Clear signs of slowing growth emerged in retail sales for June data from the Australian Bureau of Statistics yesterday.
The ABS said monthly retail sales growth was 0.2% in June, the slowest so far in 2022 and the Bureau hinted that much of the recent strong growth was due to rising prices and not rising volumes.
Ben Dorber, Head of Retail Statistics at ABS, said in a comment that: “While the 0.2% rise in June 2022 was the sixth consecutive increase in retail turnover, it was also the weakest so far this year.
Australian retail turnover rose 0.2% in June 2022 (seasonally adjusted) to a new record high, according to the Australian Bureau of Statistics (ABS).
The actual dollar increase was only $67 million, which is hardly convincing.
The June result follows a revised 0.7% rise in May 2022 (vs. 01% initially reported, then a 0.4% revision in the second estimate), a 0.9% rise in April 2022 and 1.6% in March, immediately after the Russian invasion. of Ukraine and the first sign of a new and stronger rise in prices.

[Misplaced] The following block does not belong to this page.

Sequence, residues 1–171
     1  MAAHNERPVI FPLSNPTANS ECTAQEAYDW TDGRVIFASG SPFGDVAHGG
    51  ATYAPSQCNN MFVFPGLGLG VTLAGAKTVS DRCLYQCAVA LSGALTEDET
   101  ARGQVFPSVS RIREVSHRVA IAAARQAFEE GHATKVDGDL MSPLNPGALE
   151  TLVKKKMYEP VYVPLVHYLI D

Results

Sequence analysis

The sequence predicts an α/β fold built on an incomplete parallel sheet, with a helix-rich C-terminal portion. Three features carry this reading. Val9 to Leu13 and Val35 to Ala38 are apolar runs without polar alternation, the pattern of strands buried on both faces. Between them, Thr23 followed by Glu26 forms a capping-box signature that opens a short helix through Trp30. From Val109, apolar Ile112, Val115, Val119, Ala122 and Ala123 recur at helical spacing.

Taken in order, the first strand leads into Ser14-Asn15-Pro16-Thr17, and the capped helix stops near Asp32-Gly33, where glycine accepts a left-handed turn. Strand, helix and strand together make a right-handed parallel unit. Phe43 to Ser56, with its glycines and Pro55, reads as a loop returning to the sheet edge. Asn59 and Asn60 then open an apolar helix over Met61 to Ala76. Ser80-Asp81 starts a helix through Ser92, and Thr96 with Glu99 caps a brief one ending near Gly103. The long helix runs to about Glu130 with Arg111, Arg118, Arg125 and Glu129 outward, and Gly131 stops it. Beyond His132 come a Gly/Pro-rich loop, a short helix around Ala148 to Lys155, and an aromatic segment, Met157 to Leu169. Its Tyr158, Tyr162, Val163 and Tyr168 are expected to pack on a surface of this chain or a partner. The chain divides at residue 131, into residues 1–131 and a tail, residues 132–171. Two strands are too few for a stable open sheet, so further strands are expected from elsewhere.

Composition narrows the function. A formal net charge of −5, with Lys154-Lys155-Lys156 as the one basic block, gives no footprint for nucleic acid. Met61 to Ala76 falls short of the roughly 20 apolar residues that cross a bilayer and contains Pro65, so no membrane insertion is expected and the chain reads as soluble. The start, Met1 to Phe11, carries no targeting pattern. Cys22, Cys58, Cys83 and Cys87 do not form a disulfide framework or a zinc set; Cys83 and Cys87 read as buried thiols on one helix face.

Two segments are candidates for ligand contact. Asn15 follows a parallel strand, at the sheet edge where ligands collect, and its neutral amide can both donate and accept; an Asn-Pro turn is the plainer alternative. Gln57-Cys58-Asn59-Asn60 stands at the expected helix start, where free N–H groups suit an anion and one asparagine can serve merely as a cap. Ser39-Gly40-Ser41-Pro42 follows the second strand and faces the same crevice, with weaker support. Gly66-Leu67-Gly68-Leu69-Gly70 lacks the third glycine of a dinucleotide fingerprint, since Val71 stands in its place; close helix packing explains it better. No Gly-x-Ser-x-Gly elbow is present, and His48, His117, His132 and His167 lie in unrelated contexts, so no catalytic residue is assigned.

“Given the price increases we have seen in the Consumer Price Index, it will also be important to look at changes in retail goods volumes, when quarterly data is released next week,” Mr. Dorber said.
Retail sales rose 12% last month compared to June 2021 – the consumer price index rose 6.1% at the same time, so the actual rise in retail sales will be d about half the figure of 12.2%.
“Results were mixed across all six sectors, with revenue up in three and down in the others, as cost-of-living pressures appear to be dampening expense growth,” said ABS.
Cafes, restaurants and take-out services saw the strongest growth, up 2.7% and were clearly the best performing sector over the quarter and the past year in particular with a 26% increase in sales.
The sector was followed by retail trade of clothing, footwear and personal accessories (1.3%) and other retail trade (0.5%). Department stores recorded the largest decline, down 3.7%, followed by food retail (-0.3%) and household goods retail (-0.3%).
Revenue increased in the Northern Territory (1.8%), Queensland (0.7%), ACT (0.6%), Western Australia (0.5%) and Tasmania (0.5%).
NSW was the only state or territory where turnover fell, down 0.2%. Revenue remained relatively stable in South Australia and Victoria.